It was already easy enough to lose yourself in Google Earth. Whether you’re dodging through the narrow alleys of Kobe, Japan, or skimming Lake Achen in Austria, Google Earth offers rich 360-degree content, along with spectacular satellite imagery that can satiate any hunger for exploration.
But Google went a step further this week with a major update that not only redesigned the interface, but also added rich textual and visual content from partners such as BBC Earth, NASA, and the Jane Goodall Institute. The new Voyager tab acts as a curated magazine that houses stories from these select partners, and it even features never before seen behind-the-scenes content from shows such as Planet Earth II. There’s also plenty of packaged content from the Google Street View team you can check out.
Say goodbye to any other plans you had this weekend, as we explore all the new possibilities in the new Google Earth.
This is home
The first address most of us type when we see the blue marble floating in space is home. It’s why one of the highlights of the Culture category in the new Voyager tab is a series called “This is Home.” This series takes a look at some traditional homes of cultures and people most of us may not know much about. There are five homes you can visit at the moment: an Inuit Igloo, Bedouin tent, Reed House, Sherpa home, and Greenlandic Illoq. Tap on one and you’ll be taken to the geographical coordinates, with a brief description of the person and the area. There are usually three “cards” telling the story of the culture and the home — the first shows the satellite view, the second offers a Street View 360-degree image, and the third takes us into the home itself. Stories of more homes are on the way.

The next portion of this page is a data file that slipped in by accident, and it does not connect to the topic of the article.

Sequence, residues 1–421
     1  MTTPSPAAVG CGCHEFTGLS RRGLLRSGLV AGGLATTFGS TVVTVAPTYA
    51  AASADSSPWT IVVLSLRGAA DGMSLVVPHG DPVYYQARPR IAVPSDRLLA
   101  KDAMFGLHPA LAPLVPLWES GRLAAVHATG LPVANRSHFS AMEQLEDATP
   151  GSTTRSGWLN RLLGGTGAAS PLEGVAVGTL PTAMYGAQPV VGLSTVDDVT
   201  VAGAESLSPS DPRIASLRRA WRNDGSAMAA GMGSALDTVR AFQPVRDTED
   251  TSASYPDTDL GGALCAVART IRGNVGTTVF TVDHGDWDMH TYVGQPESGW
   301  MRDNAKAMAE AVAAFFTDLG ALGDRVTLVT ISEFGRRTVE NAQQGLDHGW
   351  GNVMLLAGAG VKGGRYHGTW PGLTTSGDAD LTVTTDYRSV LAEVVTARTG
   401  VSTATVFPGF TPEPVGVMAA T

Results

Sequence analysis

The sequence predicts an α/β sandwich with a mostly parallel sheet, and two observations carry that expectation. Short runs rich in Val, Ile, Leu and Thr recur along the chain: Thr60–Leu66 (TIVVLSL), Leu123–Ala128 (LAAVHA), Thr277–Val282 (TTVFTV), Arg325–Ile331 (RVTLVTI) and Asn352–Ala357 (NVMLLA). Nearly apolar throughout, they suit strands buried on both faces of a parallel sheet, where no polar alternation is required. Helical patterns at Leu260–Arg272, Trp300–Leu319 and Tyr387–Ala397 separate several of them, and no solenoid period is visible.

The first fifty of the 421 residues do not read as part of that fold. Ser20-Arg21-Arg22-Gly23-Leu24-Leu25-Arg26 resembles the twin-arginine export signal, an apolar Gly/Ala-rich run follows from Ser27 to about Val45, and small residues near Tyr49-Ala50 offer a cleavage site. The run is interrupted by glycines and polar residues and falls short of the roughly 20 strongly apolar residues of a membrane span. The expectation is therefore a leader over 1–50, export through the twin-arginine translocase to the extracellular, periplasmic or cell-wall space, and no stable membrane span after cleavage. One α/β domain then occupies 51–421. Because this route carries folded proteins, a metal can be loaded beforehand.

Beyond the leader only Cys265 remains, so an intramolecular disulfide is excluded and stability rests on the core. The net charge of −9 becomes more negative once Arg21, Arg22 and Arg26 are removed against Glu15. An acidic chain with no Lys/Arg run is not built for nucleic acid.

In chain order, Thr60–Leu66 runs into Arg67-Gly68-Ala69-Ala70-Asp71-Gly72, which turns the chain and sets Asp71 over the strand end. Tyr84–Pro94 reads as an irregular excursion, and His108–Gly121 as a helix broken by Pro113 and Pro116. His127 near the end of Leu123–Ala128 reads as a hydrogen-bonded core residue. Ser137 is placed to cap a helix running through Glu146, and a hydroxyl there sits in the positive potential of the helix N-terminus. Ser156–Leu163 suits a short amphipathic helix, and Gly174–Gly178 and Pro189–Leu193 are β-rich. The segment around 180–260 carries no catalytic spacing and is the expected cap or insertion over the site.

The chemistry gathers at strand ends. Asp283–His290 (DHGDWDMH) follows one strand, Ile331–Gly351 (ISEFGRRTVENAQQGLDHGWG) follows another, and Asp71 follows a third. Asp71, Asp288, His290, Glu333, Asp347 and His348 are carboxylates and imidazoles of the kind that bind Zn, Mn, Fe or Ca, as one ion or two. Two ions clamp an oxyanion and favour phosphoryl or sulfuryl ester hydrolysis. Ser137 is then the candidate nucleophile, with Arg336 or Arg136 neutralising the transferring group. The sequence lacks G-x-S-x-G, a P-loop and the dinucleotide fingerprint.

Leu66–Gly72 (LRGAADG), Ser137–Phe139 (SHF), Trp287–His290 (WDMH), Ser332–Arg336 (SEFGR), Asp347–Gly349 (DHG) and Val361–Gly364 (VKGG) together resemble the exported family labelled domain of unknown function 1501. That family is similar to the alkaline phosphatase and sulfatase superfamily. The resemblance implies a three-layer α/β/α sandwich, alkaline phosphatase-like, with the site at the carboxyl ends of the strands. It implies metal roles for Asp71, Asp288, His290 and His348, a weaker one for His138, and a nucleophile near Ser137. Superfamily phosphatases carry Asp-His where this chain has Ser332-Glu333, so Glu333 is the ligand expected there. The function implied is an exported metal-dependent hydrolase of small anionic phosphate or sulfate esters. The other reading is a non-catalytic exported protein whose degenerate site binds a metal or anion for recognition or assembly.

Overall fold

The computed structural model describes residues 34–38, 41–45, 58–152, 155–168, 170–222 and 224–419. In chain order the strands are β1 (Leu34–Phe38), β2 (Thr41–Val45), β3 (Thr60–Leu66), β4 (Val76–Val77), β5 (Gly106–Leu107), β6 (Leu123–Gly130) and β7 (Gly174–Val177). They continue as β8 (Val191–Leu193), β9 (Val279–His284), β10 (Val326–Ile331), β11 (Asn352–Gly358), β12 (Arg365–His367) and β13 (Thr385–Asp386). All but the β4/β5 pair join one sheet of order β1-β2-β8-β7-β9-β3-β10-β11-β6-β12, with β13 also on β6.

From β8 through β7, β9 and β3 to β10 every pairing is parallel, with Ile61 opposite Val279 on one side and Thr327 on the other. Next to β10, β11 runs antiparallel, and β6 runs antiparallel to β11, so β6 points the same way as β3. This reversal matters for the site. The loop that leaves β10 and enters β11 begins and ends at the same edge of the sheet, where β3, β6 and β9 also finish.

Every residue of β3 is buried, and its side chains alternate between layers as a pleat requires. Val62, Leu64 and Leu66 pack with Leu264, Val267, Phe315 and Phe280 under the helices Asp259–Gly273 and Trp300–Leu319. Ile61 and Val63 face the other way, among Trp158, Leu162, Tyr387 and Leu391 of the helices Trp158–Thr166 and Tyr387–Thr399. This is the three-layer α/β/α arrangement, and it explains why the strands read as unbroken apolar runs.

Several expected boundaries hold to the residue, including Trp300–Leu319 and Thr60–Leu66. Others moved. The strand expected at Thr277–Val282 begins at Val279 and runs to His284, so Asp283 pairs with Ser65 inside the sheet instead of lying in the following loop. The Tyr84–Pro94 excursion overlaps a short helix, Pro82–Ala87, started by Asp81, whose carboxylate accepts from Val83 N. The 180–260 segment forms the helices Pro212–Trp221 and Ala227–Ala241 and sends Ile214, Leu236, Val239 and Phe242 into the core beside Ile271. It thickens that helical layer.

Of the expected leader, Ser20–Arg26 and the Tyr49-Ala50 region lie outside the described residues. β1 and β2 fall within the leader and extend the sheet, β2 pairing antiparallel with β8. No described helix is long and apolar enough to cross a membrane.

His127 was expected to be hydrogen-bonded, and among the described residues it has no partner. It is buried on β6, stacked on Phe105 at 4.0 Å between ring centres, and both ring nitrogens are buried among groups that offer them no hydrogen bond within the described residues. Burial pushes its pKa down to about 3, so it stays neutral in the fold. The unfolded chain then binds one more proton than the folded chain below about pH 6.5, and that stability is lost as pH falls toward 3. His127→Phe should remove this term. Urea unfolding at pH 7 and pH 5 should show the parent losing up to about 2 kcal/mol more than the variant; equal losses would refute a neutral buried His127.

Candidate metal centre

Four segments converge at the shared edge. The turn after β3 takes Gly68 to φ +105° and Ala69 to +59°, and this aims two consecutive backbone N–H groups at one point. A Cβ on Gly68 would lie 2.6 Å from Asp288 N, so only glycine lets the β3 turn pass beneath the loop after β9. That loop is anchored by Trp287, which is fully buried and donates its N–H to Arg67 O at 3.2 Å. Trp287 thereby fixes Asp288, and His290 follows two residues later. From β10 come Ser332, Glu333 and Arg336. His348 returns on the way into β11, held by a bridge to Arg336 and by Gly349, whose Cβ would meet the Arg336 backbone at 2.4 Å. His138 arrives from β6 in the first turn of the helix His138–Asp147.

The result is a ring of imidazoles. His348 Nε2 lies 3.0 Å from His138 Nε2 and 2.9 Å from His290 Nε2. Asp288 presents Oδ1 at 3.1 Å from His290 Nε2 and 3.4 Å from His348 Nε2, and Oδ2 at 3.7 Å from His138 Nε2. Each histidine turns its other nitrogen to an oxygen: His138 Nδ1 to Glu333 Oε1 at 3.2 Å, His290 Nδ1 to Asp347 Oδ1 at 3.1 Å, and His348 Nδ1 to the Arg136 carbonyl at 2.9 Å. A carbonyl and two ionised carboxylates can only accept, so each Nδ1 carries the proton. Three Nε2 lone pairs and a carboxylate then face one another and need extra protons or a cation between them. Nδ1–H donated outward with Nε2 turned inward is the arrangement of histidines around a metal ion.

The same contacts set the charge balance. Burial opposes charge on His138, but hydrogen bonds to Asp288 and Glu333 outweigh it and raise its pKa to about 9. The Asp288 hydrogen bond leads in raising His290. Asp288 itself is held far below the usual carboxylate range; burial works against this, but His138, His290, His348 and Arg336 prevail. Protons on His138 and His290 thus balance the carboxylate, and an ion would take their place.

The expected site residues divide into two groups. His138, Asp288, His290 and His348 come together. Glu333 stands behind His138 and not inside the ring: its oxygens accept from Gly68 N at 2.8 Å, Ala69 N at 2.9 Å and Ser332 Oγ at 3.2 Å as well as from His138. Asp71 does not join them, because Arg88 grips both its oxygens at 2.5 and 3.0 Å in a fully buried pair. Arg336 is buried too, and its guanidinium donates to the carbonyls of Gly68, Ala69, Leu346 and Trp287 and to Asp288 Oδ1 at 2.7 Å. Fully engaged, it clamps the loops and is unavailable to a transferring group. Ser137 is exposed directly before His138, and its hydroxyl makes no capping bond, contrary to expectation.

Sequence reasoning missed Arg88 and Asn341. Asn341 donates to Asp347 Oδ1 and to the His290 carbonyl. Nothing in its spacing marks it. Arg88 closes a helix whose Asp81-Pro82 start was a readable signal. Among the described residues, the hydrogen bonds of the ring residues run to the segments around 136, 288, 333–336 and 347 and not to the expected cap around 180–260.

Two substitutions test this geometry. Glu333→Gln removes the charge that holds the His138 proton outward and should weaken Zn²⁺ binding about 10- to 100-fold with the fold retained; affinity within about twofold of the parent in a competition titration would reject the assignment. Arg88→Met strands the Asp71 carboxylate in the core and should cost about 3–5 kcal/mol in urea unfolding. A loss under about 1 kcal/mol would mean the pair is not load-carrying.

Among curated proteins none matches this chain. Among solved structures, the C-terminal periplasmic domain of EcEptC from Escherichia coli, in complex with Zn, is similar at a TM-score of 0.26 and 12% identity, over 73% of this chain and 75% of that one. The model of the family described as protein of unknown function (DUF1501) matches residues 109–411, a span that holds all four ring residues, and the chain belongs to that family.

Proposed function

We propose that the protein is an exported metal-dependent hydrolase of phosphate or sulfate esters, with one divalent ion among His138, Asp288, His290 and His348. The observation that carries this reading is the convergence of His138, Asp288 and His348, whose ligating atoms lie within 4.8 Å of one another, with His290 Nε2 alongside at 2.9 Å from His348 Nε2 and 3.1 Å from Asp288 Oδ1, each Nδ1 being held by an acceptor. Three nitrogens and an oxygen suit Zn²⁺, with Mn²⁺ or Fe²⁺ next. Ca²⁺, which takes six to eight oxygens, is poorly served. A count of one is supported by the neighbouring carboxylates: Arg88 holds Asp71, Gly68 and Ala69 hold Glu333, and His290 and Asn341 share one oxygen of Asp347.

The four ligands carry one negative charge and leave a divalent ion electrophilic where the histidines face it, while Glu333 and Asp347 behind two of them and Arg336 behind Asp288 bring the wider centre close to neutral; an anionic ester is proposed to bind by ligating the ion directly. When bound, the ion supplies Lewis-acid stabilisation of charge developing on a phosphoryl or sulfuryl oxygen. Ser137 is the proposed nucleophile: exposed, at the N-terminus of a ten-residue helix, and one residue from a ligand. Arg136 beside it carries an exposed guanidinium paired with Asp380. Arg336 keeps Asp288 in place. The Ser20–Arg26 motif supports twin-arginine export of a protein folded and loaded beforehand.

Nature and wildlife
With the new Voyager tab, you can learn more about nature and wildlife than ever before. Partners include BBC Earth, the Jane Goodall Institute, the World Wildlife Fund, and The Ocean Agency, among others. What’s neat is that much of the content is from decades of back catalogs from these various agencies, and you can even find behind-the-scenes content that has yet to be aired — such as when the BBC Earth team found a Komodo dragon in their bathroom. A lot of this content includes videos you can watch in Google Earth, without needing to leave the site.
The Natural Treasures series, for example, lets you choose environments like “Islands,” “Mountains,” and “Jungles,” to explore. For example, if you choose Mountains, you’ll get a story describing major mountains and the surrounding area. Most of these have accompanying videos you can enjoy.
“We’re trying to give viewers that deeper experience,” Chadden Hunter, a producer at the BBC Natural History Unit, told Digital Trends. “With this fully interactive tool, we’re hoping people will just explore for hours.”
There’s a lot of content to sift through, as there’s more than a…